Here’s How!
Fold the book at line A to make the launch ramp that will send your star marbit on its way. Flicking your star is allowed to see how many times you can follow Lucky through the cloud.

In this digital age, Lucky the Leprechaun believes he can entertain kids by asking them to cut out a piece of cardboard from a cereal box, fold it, and flick it into the hole in the box. Simplicity: scissors, sticky fingers, and adult supervision = breakfast fun.

To gain the Power to Fly, kids do not need their parents’ permission to access a promotional URL or download an app requiring access to Facebook. They need not dig through the lightly sweetened settled contents for a compact disc which must be inserted into a computer (obsolete but memory lane). All they have to do is cut and flick. That’s so refreshing.  (Note: naturally, luckycharms.com does have an online game.)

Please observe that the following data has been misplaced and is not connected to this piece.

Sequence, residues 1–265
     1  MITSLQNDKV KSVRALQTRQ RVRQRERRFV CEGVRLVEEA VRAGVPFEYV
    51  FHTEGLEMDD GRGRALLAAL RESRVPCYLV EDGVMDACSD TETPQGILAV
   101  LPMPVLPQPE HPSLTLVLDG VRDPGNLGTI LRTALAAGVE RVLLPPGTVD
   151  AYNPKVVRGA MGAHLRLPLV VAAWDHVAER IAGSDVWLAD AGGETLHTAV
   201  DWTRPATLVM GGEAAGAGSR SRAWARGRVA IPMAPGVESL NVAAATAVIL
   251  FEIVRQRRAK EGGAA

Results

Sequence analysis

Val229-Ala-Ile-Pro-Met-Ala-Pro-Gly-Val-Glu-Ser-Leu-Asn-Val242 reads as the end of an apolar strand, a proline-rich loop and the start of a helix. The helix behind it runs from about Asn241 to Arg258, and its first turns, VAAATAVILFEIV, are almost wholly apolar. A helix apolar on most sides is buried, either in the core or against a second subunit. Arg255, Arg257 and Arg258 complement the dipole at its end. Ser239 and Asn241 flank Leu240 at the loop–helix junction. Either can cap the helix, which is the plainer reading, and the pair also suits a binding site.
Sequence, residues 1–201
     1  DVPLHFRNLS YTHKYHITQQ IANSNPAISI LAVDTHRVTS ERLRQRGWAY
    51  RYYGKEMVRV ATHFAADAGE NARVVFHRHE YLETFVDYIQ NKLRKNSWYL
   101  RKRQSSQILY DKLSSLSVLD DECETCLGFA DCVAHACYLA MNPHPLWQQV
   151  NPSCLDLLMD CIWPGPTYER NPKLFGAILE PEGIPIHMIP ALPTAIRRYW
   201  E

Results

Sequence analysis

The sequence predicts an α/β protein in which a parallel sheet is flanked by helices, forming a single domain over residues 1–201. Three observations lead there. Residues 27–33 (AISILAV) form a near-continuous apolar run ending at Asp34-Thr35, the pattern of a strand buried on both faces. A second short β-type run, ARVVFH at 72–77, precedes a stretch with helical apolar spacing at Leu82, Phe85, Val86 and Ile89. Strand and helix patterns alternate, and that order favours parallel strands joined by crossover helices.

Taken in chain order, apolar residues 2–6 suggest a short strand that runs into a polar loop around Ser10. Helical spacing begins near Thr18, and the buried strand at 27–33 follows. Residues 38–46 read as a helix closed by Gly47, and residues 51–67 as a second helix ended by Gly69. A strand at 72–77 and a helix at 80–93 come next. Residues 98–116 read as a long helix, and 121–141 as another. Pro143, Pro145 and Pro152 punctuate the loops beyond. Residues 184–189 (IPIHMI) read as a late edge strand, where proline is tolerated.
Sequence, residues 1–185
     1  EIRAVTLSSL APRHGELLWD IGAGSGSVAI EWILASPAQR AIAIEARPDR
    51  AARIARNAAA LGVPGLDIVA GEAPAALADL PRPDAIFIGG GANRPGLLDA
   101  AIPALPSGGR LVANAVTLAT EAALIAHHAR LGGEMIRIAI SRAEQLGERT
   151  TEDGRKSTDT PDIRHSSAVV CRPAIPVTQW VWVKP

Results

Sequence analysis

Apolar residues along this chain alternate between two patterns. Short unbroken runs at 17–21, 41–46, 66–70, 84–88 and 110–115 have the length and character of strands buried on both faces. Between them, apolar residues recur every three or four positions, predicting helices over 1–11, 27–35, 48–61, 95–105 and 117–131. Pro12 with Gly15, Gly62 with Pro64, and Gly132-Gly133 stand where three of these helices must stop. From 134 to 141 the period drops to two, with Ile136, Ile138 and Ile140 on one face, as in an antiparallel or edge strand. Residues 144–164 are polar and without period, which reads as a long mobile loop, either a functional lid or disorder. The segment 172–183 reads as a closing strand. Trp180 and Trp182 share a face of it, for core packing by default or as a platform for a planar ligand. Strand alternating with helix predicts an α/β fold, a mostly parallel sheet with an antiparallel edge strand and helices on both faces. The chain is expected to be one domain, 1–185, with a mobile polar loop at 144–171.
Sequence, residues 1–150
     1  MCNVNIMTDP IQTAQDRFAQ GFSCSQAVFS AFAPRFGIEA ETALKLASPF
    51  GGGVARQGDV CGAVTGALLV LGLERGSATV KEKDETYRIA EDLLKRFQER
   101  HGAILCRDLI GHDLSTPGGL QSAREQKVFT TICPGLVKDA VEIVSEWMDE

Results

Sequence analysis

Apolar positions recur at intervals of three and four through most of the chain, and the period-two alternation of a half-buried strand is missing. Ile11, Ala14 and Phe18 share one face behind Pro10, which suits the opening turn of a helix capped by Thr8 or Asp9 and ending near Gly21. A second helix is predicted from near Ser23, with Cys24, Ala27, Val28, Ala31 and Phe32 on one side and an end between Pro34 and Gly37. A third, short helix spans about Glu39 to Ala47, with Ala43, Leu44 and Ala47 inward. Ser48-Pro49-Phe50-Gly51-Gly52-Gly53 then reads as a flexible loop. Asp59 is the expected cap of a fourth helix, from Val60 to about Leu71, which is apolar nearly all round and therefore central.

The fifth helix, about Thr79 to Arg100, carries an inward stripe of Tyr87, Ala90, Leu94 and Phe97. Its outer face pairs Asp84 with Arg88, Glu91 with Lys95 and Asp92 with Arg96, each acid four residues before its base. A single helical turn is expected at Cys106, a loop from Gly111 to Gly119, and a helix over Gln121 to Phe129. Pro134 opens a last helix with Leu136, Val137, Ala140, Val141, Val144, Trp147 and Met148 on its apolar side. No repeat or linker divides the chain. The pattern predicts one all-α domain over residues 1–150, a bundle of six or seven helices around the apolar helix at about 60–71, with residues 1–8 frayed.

To that end, enjoy this Count Chocula commercial from 1980:

The ad depicts the joy that kids experience from the activity of applying fake Count Chocula tattoos on their friends (again, no electricity required). Now that I’ve covered the first point about simple pleasures, in Part 2 I discuss the specious health positioning of major cereals and other food products so that this is not an advertisement for empty calories.

Fun cereal facts:

1) In 1963, microbiologist Pamela Low developed the original flavor for Cap’n Crunch by recalling a recipe of brown sugar and butter that her grandmother Luella Low served over rice at her home in Derry, New Hampshire.